A wing feather has the barbs on the front edge lying almost parallel to the quill while those on the hind edge come off at a wide angle. The reason for this is easy to see, for this feather has to cut the air as the bird flies; and if the barbs on the front side were like those of the other side they would be torn apart by the wind. The barbs on the hind side of the feather form a strong, close web so as to press down on the air and not let it through. The wing quill is curved; the convex side is up and the concave side below during flight. The concave side, like the umbrella, catches more air than the upper side; the down stroke of the wing is forward and down; while on the up stroke, as the wing is lifted, it bends at the joint like a fan turned sidewise, and offers less surface to resist the air. Thus, the up stroke does not push the bird down.

Observations should be made on the use of the bird's tail in flight. The hen spreads her tail like a fan when she flies to the top of the fence; the robin does likewise when in flight. The fact that the tail is used as a rudder to guide the bird in flight, as well as to give more surface for pressing down upon the air, is hard for the younger pupils to understand, and perhaps can be best taught by watching the erratic unbalanced flight of young birds whose tail feathers are not yet grown.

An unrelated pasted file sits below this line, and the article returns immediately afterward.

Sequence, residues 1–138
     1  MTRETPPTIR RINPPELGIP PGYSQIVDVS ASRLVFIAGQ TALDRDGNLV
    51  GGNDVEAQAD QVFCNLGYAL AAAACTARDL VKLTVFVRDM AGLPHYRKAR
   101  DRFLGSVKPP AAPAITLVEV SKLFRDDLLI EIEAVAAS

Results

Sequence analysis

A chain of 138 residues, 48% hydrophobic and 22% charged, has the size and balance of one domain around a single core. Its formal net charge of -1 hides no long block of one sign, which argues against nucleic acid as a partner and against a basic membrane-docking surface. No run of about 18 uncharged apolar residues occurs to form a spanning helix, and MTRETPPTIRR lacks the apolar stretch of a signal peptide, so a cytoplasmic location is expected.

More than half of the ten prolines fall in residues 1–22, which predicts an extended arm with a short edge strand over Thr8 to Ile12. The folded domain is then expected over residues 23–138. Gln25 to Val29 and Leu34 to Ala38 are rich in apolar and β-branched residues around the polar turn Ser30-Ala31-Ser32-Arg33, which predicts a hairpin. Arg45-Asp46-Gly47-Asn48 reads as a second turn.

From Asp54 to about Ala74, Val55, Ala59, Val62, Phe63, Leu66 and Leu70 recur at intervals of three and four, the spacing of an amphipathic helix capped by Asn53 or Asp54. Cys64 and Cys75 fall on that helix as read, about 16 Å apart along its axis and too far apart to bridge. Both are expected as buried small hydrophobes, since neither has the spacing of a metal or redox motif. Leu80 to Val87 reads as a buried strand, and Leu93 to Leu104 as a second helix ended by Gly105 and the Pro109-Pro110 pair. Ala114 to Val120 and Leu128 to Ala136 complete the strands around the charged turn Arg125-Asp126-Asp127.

The tail feather differs from the wing feather in that the quill is not curved, and the barbs on each side are of about equal length and lie at about the same angle on each side the quill. See Fig. p. 28.


References—The Bird Book, Eckstorm, pp. 75-92; Story of the Birds, Baskett, pp. 171-176; Bird Life, Chapman, p. 18; The Bird, Beebe, Ch. XIII; First Book of Birds, Miller.


Lesson III

How Birds Fly

Leading thought—A bird flies by pressing down upon the air with its wings, which are made especially for this purpose. The bird's tail acts as a rudder during flight.